First we saw the birds outside, in vivid 3D. Then we saw them inside, held in our hands and laying on our tables. Yet again they find themselves inside, this time on our screens, as they flutter about the digital world.
Wingspan digital is just that, the popular engine building game translated to a digital space. For 1-5 players, all the classic Wingspan gameplay is there. Lay eggs, collect food and draw cards, all while placing birds in your habitat to really get that engine going.
So what’s the point of the digital version, you wonder?
If you are new to Wingspan and want to get up to speed with a group playing it, this is a great way of doing so. There is no difference between the tabletop and digital rules, which means you could get a handful of games under your belt and then confidently take up the tabletop version.
Where this digital version really stands out though is in the delivery of the game, and the expansion of what it can do. The nature reserve aspect of the game is even more apparent in the digital version, with players able to cycle to the various habitats to see what actions are available and what birds are in play.
A lot of the admin elements are helpfully automated. Goal Cards will be automatically tallied at the end, with a running score for them always displayed. While players are alerted when Bird Cards grant them bonuses, even when it isn’t their turn. So there is no accidently missing those helpful resources or cards provided by bird powers.
Then there are the features that digital can only pull off. There is a hot seat mode for one or more players on the same system, with bots able to be added to make up extra players. Online multiplayer consists of 5 minute and 24 hour turn options. This means that players have either 5 minutes or 24 hours to perform their turn. In addition is the Wingspan automata, as well as challenges players can attempt.
Because this has been so well put together, the problems immediately stand out. Most of the navigation around the main game elements is fine, but the player’s hand of cards can be frustrating to flick through. Mousing over a card might instead bring up the one next to it, with the issue progressively getting worse the more cards the player is holding.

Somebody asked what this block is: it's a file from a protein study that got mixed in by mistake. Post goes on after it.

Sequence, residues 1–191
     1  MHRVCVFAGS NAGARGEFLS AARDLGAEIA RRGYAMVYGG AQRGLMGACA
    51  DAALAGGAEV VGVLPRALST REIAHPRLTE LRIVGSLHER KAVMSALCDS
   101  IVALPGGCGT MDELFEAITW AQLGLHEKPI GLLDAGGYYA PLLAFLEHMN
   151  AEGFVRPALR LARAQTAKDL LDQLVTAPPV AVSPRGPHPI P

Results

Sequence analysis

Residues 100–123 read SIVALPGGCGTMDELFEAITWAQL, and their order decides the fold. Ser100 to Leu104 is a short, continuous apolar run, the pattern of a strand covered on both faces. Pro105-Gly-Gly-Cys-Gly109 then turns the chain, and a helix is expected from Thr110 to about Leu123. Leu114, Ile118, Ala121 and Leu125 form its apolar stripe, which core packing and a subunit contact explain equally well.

Also the selection prompts can be a little clunky. The game is built around actions having a result, but additional results being able to be activated. And sometimes it can be confusing trying to figure out what or where to click to achieve the action you are trying too.
Then there are the elements that just don’t translate into digital. I’m primarily thinking of the dice in the bird feeder. Rolling them is such a tactile experience the player controls, so the results rolled always feel fair. While in this version you just click a button and it yet again doesn’t give you any fish, darn it.
It also saddens me that the eggs are a realistic egg… colour. And not the fantastic pastels I know them as.
All in all Wingspan is a faithful translation of the tabletop game to a digital space. It retains the relaxing and enjoyable feel, plus it’s great to see the birds so animated. The digital space offers a lot of quality of life additions, cutting down the admin aspects, while also allowing players to face off against friends or strangers alike.
Issues do arise, but they are so infrequent and effect such a small portion of the game that they don’t diminish the experience any. If anything bringing Wingspan wholesale like this to a digital platform just goes to show how well designed and robust the game is, and continues to be.
Wingspan is developed by Monster Couch and published by Monster Couch and Stonemaier Games. It is available now on PC through Steam.